God has a Plan for your Tongue

We live in the Age of the Tongue.  We have more means to talk than ever before. I can blog, update my status, tweet, text, voice record, video, and even phone, write on paper or have a face-to-face conversation! Our speech lasts longer than ever before. The internet’s ‘way back machine’ ensures that anything I foolishly said ten years ago can be used against me now. We are also more worried about what we say than ever before. Our sentences sometimes become our identity to the world. We had better make them either perfect enough to be unimpeachable or vacuous enough to be harmless.

We also live in a ‘speak up’ culture in which we are exhorted to ‘say what we feel’, not ‘bottle it up.’ It has also become a social obligation to express disgust at anything popular culture wishes to decry. To fail to speak up is sometimes regarded as a positive vote for whatever evils activists are presently aiming their sites at.

So, how do people cope with living in the age of the tongue? Some people just let it all out. Whatever enters their minds goes straight out their mouths! Others merely react to the speech of others. They become trolls, providing witty (or offensive) commentary on whatever it is everyone else is saying. Alternatively, some become activists. They take up the cause du jour and speak up. Others watch, read, and wait for their turn to speak which seldom arrives. In the age of the tongue, the one who waits usually has no one who listens.

Okay, enough of the broad strokes cultural criticism. The main question I want to answer is: does God have a plan for our tongues? Is there something it is supposed to do? And why does such a small thing matter so much?

Facts about the Tongue

Let’s start with some facts about the tongue. First, the Bible tells us that the tongue betrays the heart. If the heart is bad, eventually the tongue will give it away. Just like bad poker face, everyone will be able to tell the state of your heart from the contents and manner of your talk.

Jesus tells that Pharisees that he can tell the state of their hearts from what comes from their mouths: “Either make the tree good and its fruit good, or make the tree bad and its fruit bad, for the tree is known by its fruit. You brood of vipers! How can you speak good, when you are evil? For out of the abundance of the heart the mouth speaks. The good person out of his good treasure brings forth good, and the evil person out of his evil treasure brings forth evil” (Matt 12:33-35)

Jesus tells them that they will be judged according to their words: “I tell you, on the day of judgment people will give account for every careless word they speak, for by your words you will be justified, and by your words you will be condemned.” (Matt 12:36-37)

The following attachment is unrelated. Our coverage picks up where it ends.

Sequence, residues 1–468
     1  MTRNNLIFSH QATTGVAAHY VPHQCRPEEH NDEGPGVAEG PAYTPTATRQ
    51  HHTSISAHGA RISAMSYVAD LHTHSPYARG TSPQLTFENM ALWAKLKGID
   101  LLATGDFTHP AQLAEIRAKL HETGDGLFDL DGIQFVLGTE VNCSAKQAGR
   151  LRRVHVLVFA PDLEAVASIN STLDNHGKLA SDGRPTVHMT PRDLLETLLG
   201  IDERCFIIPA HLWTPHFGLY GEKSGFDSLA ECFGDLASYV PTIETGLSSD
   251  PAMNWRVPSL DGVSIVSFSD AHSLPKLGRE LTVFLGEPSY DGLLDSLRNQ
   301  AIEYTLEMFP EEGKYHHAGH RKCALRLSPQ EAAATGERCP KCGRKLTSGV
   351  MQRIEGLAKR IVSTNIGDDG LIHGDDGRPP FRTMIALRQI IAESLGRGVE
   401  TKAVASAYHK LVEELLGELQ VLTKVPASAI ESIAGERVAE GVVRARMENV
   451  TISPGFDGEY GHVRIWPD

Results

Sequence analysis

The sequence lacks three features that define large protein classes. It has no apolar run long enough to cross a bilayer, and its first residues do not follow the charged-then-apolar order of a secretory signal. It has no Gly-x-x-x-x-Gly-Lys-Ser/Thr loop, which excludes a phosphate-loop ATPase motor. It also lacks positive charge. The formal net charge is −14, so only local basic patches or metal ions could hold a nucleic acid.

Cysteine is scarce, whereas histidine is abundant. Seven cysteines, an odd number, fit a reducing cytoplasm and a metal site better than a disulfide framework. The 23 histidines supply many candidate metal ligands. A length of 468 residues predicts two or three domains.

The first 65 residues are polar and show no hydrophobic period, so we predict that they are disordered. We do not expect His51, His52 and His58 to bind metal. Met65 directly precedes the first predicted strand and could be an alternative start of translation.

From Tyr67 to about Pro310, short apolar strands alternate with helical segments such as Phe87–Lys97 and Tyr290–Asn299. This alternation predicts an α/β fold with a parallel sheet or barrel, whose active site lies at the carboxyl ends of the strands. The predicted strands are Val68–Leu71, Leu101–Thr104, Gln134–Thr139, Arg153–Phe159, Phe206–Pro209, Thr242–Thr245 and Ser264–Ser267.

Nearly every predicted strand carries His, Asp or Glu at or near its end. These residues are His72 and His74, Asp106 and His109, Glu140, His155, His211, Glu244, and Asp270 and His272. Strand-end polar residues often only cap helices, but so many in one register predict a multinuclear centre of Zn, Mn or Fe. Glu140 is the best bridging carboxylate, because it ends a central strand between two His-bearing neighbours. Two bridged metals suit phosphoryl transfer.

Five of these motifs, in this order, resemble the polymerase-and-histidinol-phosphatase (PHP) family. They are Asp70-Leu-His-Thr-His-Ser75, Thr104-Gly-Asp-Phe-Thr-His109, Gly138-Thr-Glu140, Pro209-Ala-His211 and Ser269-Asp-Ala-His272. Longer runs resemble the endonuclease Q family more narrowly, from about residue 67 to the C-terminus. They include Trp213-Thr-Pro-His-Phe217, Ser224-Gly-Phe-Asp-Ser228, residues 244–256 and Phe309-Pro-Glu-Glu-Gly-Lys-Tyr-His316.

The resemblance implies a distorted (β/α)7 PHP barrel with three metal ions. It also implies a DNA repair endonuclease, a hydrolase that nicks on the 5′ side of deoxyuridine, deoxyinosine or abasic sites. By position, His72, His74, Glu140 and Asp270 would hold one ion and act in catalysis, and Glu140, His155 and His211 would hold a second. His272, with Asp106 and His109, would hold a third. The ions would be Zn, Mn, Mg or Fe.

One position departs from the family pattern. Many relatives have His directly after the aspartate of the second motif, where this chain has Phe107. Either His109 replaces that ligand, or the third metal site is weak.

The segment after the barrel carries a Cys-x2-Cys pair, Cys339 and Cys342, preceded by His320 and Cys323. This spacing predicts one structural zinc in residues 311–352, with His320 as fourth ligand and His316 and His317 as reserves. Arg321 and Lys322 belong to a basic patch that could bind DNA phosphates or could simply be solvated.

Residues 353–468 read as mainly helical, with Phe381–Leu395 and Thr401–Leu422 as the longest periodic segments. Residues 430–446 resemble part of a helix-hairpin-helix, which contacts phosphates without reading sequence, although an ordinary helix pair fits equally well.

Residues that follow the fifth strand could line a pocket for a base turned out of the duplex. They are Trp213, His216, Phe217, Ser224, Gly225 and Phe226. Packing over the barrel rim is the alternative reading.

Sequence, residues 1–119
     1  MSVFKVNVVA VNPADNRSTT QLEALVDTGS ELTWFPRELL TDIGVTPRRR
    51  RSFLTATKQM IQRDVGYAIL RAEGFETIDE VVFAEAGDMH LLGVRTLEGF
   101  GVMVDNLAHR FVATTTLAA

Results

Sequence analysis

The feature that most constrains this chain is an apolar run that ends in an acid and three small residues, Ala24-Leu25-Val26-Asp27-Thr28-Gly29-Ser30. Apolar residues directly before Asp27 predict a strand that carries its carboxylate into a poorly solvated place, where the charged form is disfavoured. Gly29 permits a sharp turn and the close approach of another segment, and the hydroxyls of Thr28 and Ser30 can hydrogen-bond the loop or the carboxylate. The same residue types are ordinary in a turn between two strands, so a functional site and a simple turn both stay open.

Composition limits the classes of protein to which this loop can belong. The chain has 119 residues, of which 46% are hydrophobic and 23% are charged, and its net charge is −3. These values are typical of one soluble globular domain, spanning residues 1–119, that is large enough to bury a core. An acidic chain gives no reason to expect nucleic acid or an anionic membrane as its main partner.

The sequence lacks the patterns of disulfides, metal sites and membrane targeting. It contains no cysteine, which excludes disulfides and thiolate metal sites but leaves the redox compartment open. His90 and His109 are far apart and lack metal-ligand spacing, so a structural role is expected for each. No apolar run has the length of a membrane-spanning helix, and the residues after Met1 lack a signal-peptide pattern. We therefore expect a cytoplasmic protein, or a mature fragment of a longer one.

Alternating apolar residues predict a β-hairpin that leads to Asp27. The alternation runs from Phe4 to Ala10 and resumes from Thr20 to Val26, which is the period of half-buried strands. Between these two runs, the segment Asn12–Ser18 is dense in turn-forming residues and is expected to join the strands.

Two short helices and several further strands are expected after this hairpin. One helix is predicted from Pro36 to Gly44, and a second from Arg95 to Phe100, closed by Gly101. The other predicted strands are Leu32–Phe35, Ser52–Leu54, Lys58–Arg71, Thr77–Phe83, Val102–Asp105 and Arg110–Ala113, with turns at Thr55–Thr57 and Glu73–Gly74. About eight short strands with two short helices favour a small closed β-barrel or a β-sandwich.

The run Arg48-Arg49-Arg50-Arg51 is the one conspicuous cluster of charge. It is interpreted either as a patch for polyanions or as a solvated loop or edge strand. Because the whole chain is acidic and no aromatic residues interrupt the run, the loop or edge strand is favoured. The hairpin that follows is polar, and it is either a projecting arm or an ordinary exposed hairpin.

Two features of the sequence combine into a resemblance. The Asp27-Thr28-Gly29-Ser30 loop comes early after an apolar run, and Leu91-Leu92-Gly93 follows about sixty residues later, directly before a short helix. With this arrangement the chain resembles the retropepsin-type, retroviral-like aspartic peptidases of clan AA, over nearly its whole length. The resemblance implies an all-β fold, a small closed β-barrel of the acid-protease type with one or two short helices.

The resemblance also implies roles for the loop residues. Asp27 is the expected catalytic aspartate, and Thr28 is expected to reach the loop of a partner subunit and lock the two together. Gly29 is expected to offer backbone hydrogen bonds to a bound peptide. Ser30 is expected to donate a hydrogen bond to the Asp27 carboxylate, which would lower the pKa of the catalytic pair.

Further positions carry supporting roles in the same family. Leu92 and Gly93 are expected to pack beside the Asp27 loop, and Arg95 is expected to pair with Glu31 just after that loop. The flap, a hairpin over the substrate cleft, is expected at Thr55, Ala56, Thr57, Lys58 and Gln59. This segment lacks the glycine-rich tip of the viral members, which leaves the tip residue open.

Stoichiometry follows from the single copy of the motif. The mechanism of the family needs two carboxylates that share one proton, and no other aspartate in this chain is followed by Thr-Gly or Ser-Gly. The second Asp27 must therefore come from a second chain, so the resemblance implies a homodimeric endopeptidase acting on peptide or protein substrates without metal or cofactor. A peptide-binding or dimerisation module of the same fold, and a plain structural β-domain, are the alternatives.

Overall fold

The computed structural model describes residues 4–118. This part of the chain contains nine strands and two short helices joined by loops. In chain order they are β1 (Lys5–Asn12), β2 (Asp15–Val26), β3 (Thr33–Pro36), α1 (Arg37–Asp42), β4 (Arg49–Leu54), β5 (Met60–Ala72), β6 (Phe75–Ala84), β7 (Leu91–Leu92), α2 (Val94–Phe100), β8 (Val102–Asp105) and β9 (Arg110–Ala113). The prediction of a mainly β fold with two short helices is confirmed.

In Poker, everyone has a ‘tell’. A ‘tell’ is a sign that indicates you are bluffing. Your words are your ‘tell’, and, when Christ hears them, he can see whether you are bluffing.

Second, the tongue is our most Powerful organ. James writes “if we put the bits into the horses’ mouths so that they will obey us, we direct their entire body as well. Look at the ships also, though they are so great and are driven by strong winds, are still directed by a very small rudder wherever the inclination of the pilot desires. So also the tongue is a small part of the body, and yet it boasts of great things. See how great a forest is set a flame by such a small fire! And the tongue is a fire, the very world of iniquity; the tongue is set among our members as that which defiles the entire body, and sets on fire the course of our life, and is set on fire by hell.” (James 3:3-6).

Tumultuous events have been set off by little books. The French revolution, Russian Revolution, Jihads, Crusades, Communism, and Fascism all got sparked by tongues. And, in a smaller way, we can do the same. Gossip at school, criticism at home, backbiting at church, and fake news in the world all start small, but can lead to disastrous consequences.

Finally, the tongue is the most uncontrollable organ. This is the most troublesome fact about tongues. You’d think they’d come with a safety catch, but they don’t and so they fire off at the worst times in the worst ways. As James goes on to say, “every species of beasts and birds, of reptiles and creatures of the sea, is tamed and has been tamed by the human race.  But no one can tame the tongue; it is a restless evil and full of deadly poison.” (James 3:7-8). Isn’t that amazing? We can tame a tiger, but not our own tongues!

If the tongue is the most uncontrollable organ, then it is the organ with which we are most likely to sin. As I look back over my life, I am aware of much sin and most of it is what I have said or not said. My tongue is my own worst enemy!

Sins of the tongue include lies (intentional deceit), cheating on a test, plagiarizing (taking other people’s ideas and words and attributing them to ourselves), people pleasing (saying whatever you think the other person wishes to hear), hypocrisy (deceiving people about your holiness), and slander (see social media…in fact, all media, for examples). 

Perhaps you are wondering why God has given us such a tool of disaster, a weapon of mass destruction? Surely, we’d have been better off without it. NOT SO. The tongue was given to us for a purpose.

The Purpose of the Tongue